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52 minutes | a month ago
#17 — Lex Oiler — The accidental startup founder
Lex Oiler (@hotgirlintech) is the founder and CEO of Peachy. For episode #17, I chatted with Lex about how a hospital bill that bankrupted her family set her on a mission to fix the broken medical billing system, following her own path away from law school to become a product designer, leveraging twitter to find early employees, customers and investors and her non-linear journey to becoming a founder. Full disclosure, my fund Paradox Capital, is an investor in Lex’s company and after you listen to this conversation I think you’ll understand why it was an easy decision for me. $45B of medical debt is currently in collections and Peachy is building an entirely new platform that puts patients at the center, helps doctors get paid faster and helps patients easily pay medical bills while improving their credit. This was a fun and informative discussion and got me excited to interview more founders on the podcast going forward.I hope you enjoy this conversation with Lex Oiler.
49 minutes | 4 months ago
#16 — Avlok Kohli — An angel investing revolution
Avlok Kohli (@avlok) is the CEO of AngelList Venture. For episode #16, I chatted with, I chatted with Avlok about how the startup funding ecosystem is changing, the geographic future of Silicon Valley, the launch of rolling funds, which have taken the venture industry by storm, and the launch of my seed fund, Paradox Capital, which is managed on the AngelList platform. Prior to joining AngelList, Avlok was a repeat founder. One of his startups, Fastbite, was acquired by Square in 2015. You might be asking: what is a rolling fund? A “Rolling Fund” is a new type of investment vehicle that allows fund managers to invest in private companies at their discretion ion behalf of investors (often referred to as “limited partners”), who contribute to the fund on a quarterly subscription basis. A few of the benefits of rolling funds are the ability to continuously fundraise, more flexibility to fund managers and LPs and the ability to do marketing publicly around your fund. This was a very informative discussion and it got me really excited about the future of building, operating and investing in startups.I hope you enjoy this conversation with Avlok Kohli. ————————————————————— Are you a founder of a startup? Do you need funding for your startup? The good news is I’ve launched a seed fund called Paradox Capital. The mission is to arm founders beneath and beyond Silicon Valley’s radar with early checks and expert advice to build the next great companies anywhere. If you’re an early stage founder, reach out to me at paradox.vc or send me a DM on Twitter and let’s chat. Now let’s get back to this episode.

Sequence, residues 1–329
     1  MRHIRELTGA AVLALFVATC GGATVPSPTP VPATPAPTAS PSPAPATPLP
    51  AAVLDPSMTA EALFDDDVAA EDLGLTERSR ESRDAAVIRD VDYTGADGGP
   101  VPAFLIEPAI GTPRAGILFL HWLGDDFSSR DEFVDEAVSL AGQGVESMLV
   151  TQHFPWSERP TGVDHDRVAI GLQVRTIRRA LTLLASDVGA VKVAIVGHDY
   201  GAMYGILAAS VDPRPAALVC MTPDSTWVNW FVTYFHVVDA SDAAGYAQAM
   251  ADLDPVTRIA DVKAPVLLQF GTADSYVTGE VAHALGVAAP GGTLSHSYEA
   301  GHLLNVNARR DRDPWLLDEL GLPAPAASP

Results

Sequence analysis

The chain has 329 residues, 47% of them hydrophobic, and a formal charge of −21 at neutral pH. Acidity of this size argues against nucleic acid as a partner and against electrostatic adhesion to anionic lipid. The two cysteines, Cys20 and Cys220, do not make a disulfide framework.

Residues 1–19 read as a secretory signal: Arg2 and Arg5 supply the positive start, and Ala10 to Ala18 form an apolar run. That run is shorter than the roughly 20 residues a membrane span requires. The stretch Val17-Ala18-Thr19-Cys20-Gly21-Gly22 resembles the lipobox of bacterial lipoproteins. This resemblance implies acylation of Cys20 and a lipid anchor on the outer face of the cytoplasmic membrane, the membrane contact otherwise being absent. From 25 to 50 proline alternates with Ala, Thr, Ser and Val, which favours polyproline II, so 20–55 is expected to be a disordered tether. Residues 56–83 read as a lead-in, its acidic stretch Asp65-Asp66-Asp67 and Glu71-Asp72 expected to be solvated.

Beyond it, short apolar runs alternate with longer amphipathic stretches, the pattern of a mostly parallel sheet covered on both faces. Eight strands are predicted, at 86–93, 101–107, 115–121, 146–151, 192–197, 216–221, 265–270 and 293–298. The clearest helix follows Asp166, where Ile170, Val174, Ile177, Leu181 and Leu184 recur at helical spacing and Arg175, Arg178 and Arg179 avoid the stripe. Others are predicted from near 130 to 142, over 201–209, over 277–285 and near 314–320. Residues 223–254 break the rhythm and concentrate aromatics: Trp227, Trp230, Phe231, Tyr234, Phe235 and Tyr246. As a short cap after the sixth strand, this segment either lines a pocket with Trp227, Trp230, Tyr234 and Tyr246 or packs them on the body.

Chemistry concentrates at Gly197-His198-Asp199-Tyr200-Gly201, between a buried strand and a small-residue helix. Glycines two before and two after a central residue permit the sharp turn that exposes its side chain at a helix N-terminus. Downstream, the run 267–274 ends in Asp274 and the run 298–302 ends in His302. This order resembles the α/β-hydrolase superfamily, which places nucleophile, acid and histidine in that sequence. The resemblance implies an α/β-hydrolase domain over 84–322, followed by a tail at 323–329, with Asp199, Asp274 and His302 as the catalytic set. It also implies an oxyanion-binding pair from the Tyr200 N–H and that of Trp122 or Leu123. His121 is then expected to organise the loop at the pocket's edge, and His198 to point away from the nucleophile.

72 minutes | 7 months ago
#15 — Mike Maples Jr. — Backcasting to build the future
Mike Maples (@m2jr) is the co-founder and partner at Floodgate Capital and was one of the original “super angels”. For episode #15, I chatted with Mike about the process entrepreneurs should use to uncover breakthrough insights, a fishing trip with his Dad that taught him a lifelong lesson, how he stumbled into his first angel investment (Twitter), how he broke into venture capital after being a founder, and one of the biggest issues facing our country that almost no one talks about. We even turned the tables and Mike fired some questions my way. Mike has been on the Forbes Midas List since 2010 and was also named one of the “8 rising stars” by Fortune Magazine. Before becoming a full-time investor, Mike was involved as a founder and operating executive at back-to-back startup IPOs, including Tivoli Systems (IPO TIVS, acquired by IBM) and Motive (IPO MOTV, acquired by Alcatel-Lucent.) Some of Mike’s investments include Twitter, Twitch.tv, ngmoco, Weebly, Chegg, Bazaarvoice, Spiceworks, Okta, and Demandforce. Mike is the host of an amazing podcast called “Starting Greatness” and freely shares his insights on Twitter @m2jr. Mike is someone I’ve really enjoyed getting to know over the past year and he is compassionate and big hearted as he is insightful and wise. I hope you enjoy this episode with Mike Maples.